Behind the Lens: G-A girls have a winning culture
There are a lot of myths about seeing the world through a camera lens.
They say a camera adds 10 pounds - false. They also say what you see behind the lens is two-dimensional, but if I've learned anything from my weekend taking video at the Franklin County Tip-Off Tournament, it's that the camera showed the Greencastle-Antrim girls basketball team for exactly what it is - a team that may not be picture-perfect, but one that still has the innate desire to win.
For the last four years Greencastle has claimed the tournament championship, but this year the Blue Devils did not have an easy road to the title. Chambersburg nearly completed a comeback in the first round, forcing Greencastle to play on its toes to come out with a five-point victory. Waynesboro put up a run of its own in the championship game, coming within seven points of Greencastle.
But I've seen this team come back from the near-impossible (15-point deficit to win 43-42 vs. Scranton Prep in PIAA second round), and despite being without two main players from last year's squad - one thing remains the same - Jenay Faulkner.
Labeled the best Franklin County girls player since she was a sophomore, Faulkner has instilled a winning culture in the team by sheer force of nature. She does it all. She's the team's top scorer and top defender - and based on what I saw through the Franklin County Tip-Off, she will have to be the team's be-all and end-all in some situations this season.
Along with Faulkner, another familiar name will be on the list of starters this season - Crist. No, not the 1,000-point scorer Hannah, her sister Lydia, who had a fair amount of varsity time last year, and has big shoes to fill for her sister. In addition to Crist, Morgan Wagaman, a returning starter, and Madison 'Sonny' Sweitzer, who first caught my eye last season as a freshman, make up a starting lineup riddled with potential.
Coach Mike Rhine said the team isn't "head and shoulders better than anyone," like in years past. The team will need to utilize its fundamentals, it's not-so-secret weapon in Faulkner, and a smidgen of that "never-say-die" attitude.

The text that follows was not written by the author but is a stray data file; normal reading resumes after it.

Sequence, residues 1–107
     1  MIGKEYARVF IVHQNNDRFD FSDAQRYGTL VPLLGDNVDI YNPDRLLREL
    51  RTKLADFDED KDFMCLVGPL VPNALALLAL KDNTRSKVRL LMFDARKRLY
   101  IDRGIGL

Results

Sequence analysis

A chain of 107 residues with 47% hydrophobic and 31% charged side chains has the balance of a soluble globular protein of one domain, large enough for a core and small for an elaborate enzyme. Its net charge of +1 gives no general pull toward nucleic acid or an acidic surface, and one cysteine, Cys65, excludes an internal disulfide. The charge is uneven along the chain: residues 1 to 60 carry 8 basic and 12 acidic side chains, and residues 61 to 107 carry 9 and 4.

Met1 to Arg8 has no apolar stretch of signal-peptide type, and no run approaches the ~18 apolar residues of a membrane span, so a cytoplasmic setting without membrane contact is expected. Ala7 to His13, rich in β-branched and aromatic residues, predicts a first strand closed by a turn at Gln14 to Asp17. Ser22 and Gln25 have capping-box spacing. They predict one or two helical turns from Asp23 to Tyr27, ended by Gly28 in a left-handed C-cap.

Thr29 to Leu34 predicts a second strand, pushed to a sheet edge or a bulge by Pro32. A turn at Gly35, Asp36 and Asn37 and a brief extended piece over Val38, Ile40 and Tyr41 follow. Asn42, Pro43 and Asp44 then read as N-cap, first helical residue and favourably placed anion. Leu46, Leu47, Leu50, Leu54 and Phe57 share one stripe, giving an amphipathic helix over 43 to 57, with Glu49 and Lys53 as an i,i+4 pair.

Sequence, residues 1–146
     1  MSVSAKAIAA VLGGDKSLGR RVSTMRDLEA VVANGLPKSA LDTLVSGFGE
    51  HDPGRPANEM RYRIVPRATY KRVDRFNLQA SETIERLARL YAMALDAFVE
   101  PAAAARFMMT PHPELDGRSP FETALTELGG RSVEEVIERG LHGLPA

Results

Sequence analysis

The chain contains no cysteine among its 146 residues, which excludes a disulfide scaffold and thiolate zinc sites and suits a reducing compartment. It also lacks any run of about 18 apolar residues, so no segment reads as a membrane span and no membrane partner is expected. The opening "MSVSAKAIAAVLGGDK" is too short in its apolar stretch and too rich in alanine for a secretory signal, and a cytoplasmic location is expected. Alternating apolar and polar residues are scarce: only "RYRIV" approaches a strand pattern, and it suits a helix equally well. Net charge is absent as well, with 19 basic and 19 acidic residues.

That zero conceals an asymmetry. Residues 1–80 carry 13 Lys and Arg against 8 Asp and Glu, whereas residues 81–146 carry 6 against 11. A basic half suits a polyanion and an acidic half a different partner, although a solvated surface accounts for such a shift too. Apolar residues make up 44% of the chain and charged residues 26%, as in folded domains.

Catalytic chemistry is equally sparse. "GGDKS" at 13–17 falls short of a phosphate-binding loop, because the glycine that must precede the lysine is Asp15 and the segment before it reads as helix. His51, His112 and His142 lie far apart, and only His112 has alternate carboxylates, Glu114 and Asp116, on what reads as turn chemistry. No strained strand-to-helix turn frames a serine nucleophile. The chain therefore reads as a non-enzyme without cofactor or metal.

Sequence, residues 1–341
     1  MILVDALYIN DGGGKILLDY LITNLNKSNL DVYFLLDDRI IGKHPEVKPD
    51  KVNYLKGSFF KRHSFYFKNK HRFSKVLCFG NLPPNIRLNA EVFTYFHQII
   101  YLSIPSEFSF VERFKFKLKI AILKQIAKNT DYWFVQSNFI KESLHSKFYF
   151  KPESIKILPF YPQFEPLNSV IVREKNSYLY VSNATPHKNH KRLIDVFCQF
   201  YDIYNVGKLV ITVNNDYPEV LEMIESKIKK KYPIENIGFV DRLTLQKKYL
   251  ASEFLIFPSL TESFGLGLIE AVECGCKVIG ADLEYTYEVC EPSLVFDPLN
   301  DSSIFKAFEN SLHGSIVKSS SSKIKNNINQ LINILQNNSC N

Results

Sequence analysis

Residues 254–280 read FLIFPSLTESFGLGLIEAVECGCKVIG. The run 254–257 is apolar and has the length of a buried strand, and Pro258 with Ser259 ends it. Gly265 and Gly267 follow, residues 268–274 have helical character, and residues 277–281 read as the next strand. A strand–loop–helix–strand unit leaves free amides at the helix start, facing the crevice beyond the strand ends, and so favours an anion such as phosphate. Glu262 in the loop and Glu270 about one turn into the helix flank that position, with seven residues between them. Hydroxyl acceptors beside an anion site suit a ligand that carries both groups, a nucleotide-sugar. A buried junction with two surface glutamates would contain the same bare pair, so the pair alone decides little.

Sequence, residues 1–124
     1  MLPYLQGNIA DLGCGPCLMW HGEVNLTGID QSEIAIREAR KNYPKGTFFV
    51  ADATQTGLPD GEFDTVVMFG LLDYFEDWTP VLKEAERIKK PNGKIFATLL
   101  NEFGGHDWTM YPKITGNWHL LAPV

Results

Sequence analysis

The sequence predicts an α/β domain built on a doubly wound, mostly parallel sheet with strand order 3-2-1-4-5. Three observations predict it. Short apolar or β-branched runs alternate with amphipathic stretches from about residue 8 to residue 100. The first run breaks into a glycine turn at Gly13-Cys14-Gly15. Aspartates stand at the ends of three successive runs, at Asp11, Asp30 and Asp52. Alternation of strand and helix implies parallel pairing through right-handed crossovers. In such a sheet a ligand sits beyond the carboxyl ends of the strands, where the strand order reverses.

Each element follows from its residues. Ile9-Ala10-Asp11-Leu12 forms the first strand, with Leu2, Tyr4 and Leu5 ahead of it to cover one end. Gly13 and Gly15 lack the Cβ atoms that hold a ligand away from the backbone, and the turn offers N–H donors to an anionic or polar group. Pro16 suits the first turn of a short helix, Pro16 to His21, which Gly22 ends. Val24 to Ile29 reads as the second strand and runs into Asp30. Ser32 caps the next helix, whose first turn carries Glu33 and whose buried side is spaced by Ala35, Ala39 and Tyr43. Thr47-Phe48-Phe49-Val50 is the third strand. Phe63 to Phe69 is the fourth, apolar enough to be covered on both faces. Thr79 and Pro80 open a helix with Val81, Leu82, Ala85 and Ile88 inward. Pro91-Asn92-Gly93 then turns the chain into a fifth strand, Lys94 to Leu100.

"In the past we've had Jane Herman, Katie Gelsinger, Chloe Hoover, Hannah Crist and they were just winners, along with Jenay," Rhine said. "This year some of the (winning attitude) is attributed to Jenay. Those kids don't want to lose because they know how upset she would be if that actually happened. Maybe it's a fighting spirit, or our streaky shooting, maybe a combination of the two."
Saturday in the championship game, Greencastle shot a mere 14-for-46 (30%), displaying what Rhine called their streaky shooting. But that has been the Blue Devils' philosophy all along.
"Because we shoot so many threes, the mathematics of what you get per shot, it makes it worth it," Rhine said. "Some people will disagree with me, but it's been my philosophy all along, I'll take 10 missed 3-pointers over a turnover any day of the week. You can't get any points if you throw the ball away. If you have something, go ahead and rip it, and we will live with the consequences. And with that we often times do out-shoot other teams.
"We said in the locker room, always expect adversity. There's always going to be ups and downs, and if it's easy - we don't want it."
That philosophy has led the Blue Devils to a District 3 championship, two Colonial Division titles, and a pair of lengthy runs in the PIAA tournament. And I'm willing to bet that a team that used to winning won't go down without a fight. I saw it for myself this weekend, all behind the lens.